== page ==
Move over Friendster– Myspace.com is the newest way Mills students, and other computer-savvy hipsters, stay in touch and exchange information. Since its inception in 2003 by a couple of computer programmers in southern California, Myspace has taken over as the Internet’s leading social network.
Myspace has become so huge on the Mills Campus that student Yenn Nolan has created a Mills Women Group. Nolan created the group in November 2004 as a place for Mills women, past and present, to connect. The group has a message board and messaging service for members of the group to interact. People can post pictures of Mills and information about our school for anyone to look at.
Myspace is a free service that uses the Internet for online communication. It contains an interactive network of photos, weblogs, user profiles, webforums, and user groups that are open to every user. By creating a profile, a person can then look at their friends’ profiles, and those friends’ profiles, etc., and thus meet and relate to a friend of a friend of a friend. Myspace currently boasts about 7.5 million users along with 200,000 user groups, and approximately 5 new user posts every second.
People can create an extended network of friends using Myspace and even become “friends” with the main operator and advertiser, Tom Anderson. Anderson automatically becomes a user’s first friend upon creation of a profile.
Sophomore Britt Card said, “I am a Myspace addict. I like it because it’s a good distraction and I love to eavesdrop on people without them knowing. I also really like the blog feature on Myspace.”
With its easy to use interface, even young teenagers can create a profile and a network of friends through Myspace.
Myspace has replaced the older Friendster in popularity in the past two years. People have made the jump to Myspace for a variety of reasons, most of them related to the constant updating and reshaping of Myspace. “I think I like Friendster better, even though everyone tells me it sucks. People are just more wholesome on Friendster,” said Card. Since the shift, Friendster has worked to revamp its image and make it more appealing to the youth audience, but Myspace remains on top.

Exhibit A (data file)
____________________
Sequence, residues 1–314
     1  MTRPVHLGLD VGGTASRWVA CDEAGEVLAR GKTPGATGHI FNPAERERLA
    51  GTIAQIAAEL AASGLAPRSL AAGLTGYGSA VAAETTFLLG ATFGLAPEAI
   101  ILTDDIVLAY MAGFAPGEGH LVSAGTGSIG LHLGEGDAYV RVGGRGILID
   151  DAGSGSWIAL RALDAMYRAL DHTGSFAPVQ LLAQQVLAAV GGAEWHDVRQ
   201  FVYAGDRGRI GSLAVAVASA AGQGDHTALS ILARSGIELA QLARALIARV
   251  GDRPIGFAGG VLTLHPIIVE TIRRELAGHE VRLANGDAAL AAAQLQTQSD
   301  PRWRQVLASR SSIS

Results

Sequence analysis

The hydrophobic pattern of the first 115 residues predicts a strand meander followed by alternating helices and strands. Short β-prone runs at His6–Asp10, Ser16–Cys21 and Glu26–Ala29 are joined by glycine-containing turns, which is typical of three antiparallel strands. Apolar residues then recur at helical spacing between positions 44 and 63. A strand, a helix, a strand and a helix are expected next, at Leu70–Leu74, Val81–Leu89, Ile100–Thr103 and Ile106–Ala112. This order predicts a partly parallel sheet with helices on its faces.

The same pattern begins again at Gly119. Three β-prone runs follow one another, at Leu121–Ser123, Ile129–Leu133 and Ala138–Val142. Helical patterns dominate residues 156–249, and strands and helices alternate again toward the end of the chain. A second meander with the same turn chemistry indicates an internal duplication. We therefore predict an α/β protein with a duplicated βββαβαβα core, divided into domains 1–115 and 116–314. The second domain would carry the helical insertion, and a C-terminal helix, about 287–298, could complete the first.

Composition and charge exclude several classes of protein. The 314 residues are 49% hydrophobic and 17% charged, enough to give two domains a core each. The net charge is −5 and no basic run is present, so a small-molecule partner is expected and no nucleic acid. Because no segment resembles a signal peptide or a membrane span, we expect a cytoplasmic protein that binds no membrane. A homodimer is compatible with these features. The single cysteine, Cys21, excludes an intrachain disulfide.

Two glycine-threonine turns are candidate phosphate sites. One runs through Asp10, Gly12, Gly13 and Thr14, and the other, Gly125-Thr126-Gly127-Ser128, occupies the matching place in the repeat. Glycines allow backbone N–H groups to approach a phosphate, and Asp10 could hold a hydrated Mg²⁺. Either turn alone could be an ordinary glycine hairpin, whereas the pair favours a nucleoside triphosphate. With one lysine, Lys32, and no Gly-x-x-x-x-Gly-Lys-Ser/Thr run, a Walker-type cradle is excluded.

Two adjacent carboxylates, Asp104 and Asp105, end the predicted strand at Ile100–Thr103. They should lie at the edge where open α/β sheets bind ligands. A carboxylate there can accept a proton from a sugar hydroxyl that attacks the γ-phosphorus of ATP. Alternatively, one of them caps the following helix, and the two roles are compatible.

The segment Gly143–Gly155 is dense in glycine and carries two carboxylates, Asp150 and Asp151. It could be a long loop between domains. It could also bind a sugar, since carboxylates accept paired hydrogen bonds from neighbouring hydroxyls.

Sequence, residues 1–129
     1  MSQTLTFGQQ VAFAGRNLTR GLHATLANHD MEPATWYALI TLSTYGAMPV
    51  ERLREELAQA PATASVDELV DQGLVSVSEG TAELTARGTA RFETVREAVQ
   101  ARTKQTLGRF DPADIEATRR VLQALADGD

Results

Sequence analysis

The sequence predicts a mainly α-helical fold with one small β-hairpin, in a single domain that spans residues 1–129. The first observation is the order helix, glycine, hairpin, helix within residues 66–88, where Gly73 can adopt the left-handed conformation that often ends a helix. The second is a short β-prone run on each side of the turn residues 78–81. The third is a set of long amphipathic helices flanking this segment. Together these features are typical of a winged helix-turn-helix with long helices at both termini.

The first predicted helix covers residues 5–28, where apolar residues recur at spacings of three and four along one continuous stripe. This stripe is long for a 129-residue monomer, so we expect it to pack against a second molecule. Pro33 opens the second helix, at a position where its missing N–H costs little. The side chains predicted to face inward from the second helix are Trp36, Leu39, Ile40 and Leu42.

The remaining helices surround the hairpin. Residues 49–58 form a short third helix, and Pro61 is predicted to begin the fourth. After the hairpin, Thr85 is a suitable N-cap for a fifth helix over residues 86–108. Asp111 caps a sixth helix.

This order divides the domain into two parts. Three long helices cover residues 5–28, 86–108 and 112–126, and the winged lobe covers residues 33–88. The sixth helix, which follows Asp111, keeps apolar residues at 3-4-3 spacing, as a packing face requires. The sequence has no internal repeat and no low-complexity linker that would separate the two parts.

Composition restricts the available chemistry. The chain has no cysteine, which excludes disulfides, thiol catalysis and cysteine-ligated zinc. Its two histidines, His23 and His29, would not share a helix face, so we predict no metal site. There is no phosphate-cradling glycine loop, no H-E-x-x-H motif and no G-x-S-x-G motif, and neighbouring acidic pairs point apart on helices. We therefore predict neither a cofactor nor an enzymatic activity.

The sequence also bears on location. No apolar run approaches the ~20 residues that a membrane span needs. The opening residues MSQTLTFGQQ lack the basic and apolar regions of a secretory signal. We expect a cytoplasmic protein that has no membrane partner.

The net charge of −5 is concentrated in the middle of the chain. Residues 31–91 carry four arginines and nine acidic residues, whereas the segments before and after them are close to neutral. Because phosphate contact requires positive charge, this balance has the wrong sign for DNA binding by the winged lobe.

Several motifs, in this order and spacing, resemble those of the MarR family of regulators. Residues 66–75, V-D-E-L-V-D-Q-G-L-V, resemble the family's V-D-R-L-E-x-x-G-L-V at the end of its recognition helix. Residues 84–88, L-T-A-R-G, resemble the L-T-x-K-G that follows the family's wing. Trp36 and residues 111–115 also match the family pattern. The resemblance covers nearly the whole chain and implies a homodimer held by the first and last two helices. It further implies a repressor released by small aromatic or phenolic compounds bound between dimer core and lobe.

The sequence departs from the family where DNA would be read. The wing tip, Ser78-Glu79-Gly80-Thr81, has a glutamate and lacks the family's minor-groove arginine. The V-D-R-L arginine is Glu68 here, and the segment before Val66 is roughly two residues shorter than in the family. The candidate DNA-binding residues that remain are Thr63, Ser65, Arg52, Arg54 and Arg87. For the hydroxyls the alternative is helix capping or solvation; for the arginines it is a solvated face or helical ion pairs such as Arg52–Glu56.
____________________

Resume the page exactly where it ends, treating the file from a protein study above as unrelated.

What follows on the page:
Myspace does have a few features that Friendster does not. People can easily edit their profiles with various Myspace editors, created by users themselves. For sophomore Nikki DaSilva, this is a big plus. “I really like being able to design my own webspace on Myspace, it gives me the opportunity to make it my own.”
Users can also put music videos and mp3 files up on their profile, which is a definite plus for bands on Myspace. Myspace has a music section where people can look at bands’ profiles by genre, listen to music, and get updates on future shows. While Myspace focuses primarily on social interaction, Friendster offers a jobs section on its site. People can search for jobs through the Web site and contact future employers before meeting in person.
The variety of groups and forums on Myspace is astounding. Groups are formed by hometown, school, interests – anything that a multitude of people might have in common. The Mills Women group on Myspace currently has 10 members to talk to, but those aren’t the only Mills women on Myspace. A simple profile keyword search will produce 3,000 hits.
Both Myspace and Friendster face some competition. Sites like Pixparty.com, PoliticalFriendster.com, and Tribe.net provide the same type of social networking. The popularity of both continues to grow as more users sign up.